Mon, Mar 21, 2005 - Page 4 News List

Lu pledges Taiwan aid to restore two Guatemalan sites


Vice President Annette Lu, center, listens to a guide talking about the historic monuments of the ancient Guatemalan city of Antigua yesterday during her three-day official visit to Guatemala.


Vice President Annette Lu (呂秀蓮) signed a letter of intent with her Guatemalan counterpart on Friday, promising Taiwan aid to help restore buildings and historical sites there that have been repeatedly damaged by earthquakes.

Unlike all other economic and technological aid programs that Taiwan has engaged in with its allied countries, this marks the first "cultural diplomacy" launched by any political leader from Taiwan to help preserve historical sites and enhance bilateral cultural ties with a diplomatic ally, she said.

According to preliminary plans, Taiwan will help restore and renovate the Museum Pilar de Zaragoza and the Monastery Sor Juana located in Antigua, a city of monuments founded in 1543 with a strong Spanish colonial influence.

Restoration and renovation of the two historical sites are expected to be completed in two years, with a budget of around US$700,000, said Wu Ching-fa (吳錦發), vice chairman of the Council of Cultural Affairs, who is in Lu's 152-member entourage.

Lu signed the letter of intent with Guatemalan Vice President Eduardo Stein on Friday in a ceremony witnessed by President Oscar Berger.

Lu and her group toured the city of Antigua on Saturday with Antigua Mayor Antonio Siliezar Portillo. Lu and Siliezar jointly announced the restoration and renovation project during the tour.

Throughout its history, the city now known as Antigua Guatemala, or La Antigua, has been repeatedly damaged by earthquakes, and always the Antiguan-style buildings have been rebuilt. But on July 29, 1773, earthquakes wrought such destruction that officials petitioned the King of Spain to allow them to move the capital to safer ground, which led to the founding in 1776 of present-day Guatemala City.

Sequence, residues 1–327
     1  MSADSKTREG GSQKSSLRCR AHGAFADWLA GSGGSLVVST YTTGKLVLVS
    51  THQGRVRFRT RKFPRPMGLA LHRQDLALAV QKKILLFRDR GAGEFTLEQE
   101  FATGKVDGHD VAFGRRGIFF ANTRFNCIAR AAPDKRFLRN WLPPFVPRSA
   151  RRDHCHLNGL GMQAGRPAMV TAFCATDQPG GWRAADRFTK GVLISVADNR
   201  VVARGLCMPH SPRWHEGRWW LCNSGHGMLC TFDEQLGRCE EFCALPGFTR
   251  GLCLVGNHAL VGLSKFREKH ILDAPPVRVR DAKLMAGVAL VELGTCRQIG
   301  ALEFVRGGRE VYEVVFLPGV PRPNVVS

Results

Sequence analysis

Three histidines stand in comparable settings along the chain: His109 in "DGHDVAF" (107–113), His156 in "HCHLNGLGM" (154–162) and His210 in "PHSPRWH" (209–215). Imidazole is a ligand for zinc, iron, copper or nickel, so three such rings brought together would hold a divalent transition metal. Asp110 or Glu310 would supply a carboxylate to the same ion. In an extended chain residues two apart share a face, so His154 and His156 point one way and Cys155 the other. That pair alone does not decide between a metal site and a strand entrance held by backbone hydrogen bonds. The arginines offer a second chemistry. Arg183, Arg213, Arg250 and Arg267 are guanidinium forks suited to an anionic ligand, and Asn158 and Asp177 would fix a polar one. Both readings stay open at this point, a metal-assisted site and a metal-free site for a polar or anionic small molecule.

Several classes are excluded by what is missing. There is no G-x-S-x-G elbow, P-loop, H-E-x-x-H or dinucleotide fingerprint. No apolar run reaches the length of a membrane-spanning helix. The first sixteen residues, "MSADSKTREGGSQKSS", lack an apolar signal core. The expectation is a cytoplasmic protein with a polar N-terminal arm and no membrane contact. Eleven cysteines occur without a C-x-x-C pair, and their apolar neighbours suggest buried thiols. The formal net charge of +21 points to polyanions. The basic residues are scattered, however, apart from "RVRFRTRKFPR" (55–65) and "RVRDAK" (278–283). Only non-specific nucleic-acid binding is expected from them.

Antigua was left to rusticate, largely but never completely abandoned. Today, its monumental bougainvillea-draped ruins and its preserved and carefully restored Spanish colonial public buildings and private mansions form a city of charm and romance unequaled in the Americas. In 1979, UNESCO recognized Antigua Guatemala as a Cultural Heritage of Mankind site.

Touring the city, Lu said that Guatemala is a country blessed with a rich cultural heritage. She said she was moved deeply by Guatemala's historical and architectural magnificence the first time she visited the country nine months ago.

The first thing she did after returning to Taiwan was to meet officials and academics to work out a plan to help Guatemala preserve its cultural heritage, Lu said.

Lu gave Siliezar a satellite photo of Antigua City taken by the Taiwanese satellite ROCSAT-II and invited Siliezar to visit Taiwan in the near future.

The vice president also expressed hope that Antigua City will give seedlings of Guatemala's national flower and tree to Taiwan as a gift so that a beautiful Latin garden can be nurtured in Taipei City.

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